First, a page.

“How can you work for two companies at the same time?”
I get this question more and more now.
“I don’t,” I say. “Think of me as, as a footballer; the manager changes from time to time but the players stay the same.”
“You can’t play football,” Liam sneers. “You’re a girl.”
“Moving on,” I say, shaking my head at the teacher who is about to come down on Liam like a ton of bricks. “The reason I’m talking to you this morning is because I have an appointment with some recent winners in,” I glance at my watch, “roughly half an hour. My boss asked me to meet with you first.”
“What do you and the winners talk about?” the teacher—I never got her name—seems to be using this as her personal Q&A.
“I offer them our services.” I answer, talking to the kids. “We call these pitch meetings.”
A number of hands shoot up and suddenly it’s a press conference. I point at the boy whose hand went up first.
“Tall lad at the back, what’s your name?”
“What’s your question, Jack?”
“How much do you have to win to get protection?”
“Ten million plus.” His eyes widen. Another hand shoots up, a girl this time.
“I’m Amanda, Miss. Is your job fun?”
“Oh yeah,” I can’t help grinning, “I love my job. The best part is helping the winners do what they’ve always wanted.”
“Sort of like Jim’ll Fix It?” says the teacher, referencing an old TV show that none of these kids will have heard of. That triggers a bunch of questions that have nothing to do with my job.
I catch the teacher’s eye and tap my watch, mouthing “I should go.”
“Class, Miss Doyle has to leave us now.”
“Can we come with you and meet the millionaires?” Liam and Jack plead simultaneously, jumping up and down.
“Sorry boys. Someone will be in to start your tour shortly.”
Thankfully, nobody asked which parts of the job are my least favorite. Those would be pitching to potential clients and talking to school kids.
pause briefly in the foyer to check out the ‘New Arrivals at Avalon’ board. It’s best that we don’t date the competition and this gives me a good look at who to avoid.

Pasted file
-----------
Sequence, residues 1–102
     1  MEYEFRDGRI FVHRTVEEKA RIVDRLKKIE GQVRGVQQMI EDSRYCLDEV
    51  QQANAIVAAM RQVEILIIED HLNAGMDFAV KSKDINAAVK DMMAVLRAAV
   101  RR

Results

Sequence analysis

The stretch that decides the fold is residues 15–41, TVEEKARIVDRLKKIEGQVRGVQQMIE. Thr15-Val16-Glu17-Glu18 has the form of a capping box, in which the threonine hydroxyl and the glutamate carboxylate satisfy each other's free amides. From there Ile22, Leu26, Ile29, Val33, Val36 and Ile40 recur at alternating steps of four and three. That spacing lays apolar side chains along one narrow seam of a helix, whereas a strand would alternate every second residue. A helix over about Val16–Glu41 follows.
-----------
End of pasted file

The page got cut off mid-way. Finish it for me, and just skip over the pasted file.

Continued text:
As I make my way to reception, pockets of gawking tourists mill around, taking pictures of the glitzy interior before their tour starts. Why on earth do they come all the way out here when there are better sights to see? Buckingham Palace or St. Paul’s for instance. Or The London Eye. Or, for those wannabe James Bonds, the MI6 sandcastle, up the Thames at Vauxhall.
The receptionist, clad in dove grey and with airbrushed makeup, studies the pass I just handed her, scans the little barcode, and gets a satisfying “beep” in return.
“I will tell them you are here. You may use the lift at the end.” Her voice is soulless.
I miss the old lot—they had a buxom rosy-cheeked woman named Stephanie who called you “me duck” and never stopped smiling. The new boys—Avalon—have a different woman at the desk each time and they have faux names: Sapphire, Pearl, and—I glance at the girl’s name tag—Amethyst.
“No thanks, I need to stretch my legs. Does my pass still work for the back stairs?”
She creases her makeup in an attempt to recover the answer.
“Never mind,” I say. “Let’s try it and see.”
Avoiding the tour group again, I cross to the corner. I blew off my workout this morning so ten flights of stairs is a fair substitute.
Since my last visit they’ve stuck a fake potted palm in front of the door. I part the plastic fronds and stick my pass in the reader. There’s a pause followed by a muted clunk, and the door sighs open.
Jogging up the stairs, I review last night’s disastrous date. My colleague Beth fixed me up with a banker. We met at a place-to-be-seen wine bar and he turned out to be a complete plonker. At the end of the evening, he was so drunk he couldn’t tell the turbaned taxi driver his address. We drove around for hours in a coriander fug. Not at all keen on taking him back to my place, I threw a pretend wobbly about 50 yards from my flat and stumbled off into the night. He didn’t come after me.
I’m about to pitch our services to a pair of lottery winners waiting in the pyramid suite, nineteen floors above. By some architectural design fluke, the stairs are on the outside for the upper ten floors of our building. It’s an inside-out lighthouse. The first fire drill was legendary: some of the less lurid stories involve staff having to take Dramamine before using the stairs, others have people throwing up over the side on the way down.
According to the data Avalon e-mailed us, this couple– Marvin and Lydia Potts-have won £10 million, which is good because I’m their tenth appointment of the morning. Beth, my co-worker, would say that’s a sign. I’m just glad I didn’t draw position number twenty.
Avalon outbid Camelot for the contract to run the lottery. They’ve stuck with the Arthurian theme, which is a smart PR move. Avalon inherited us and so far they haven’t bothered us too much. Now if they could just develop a personality or even a pulse.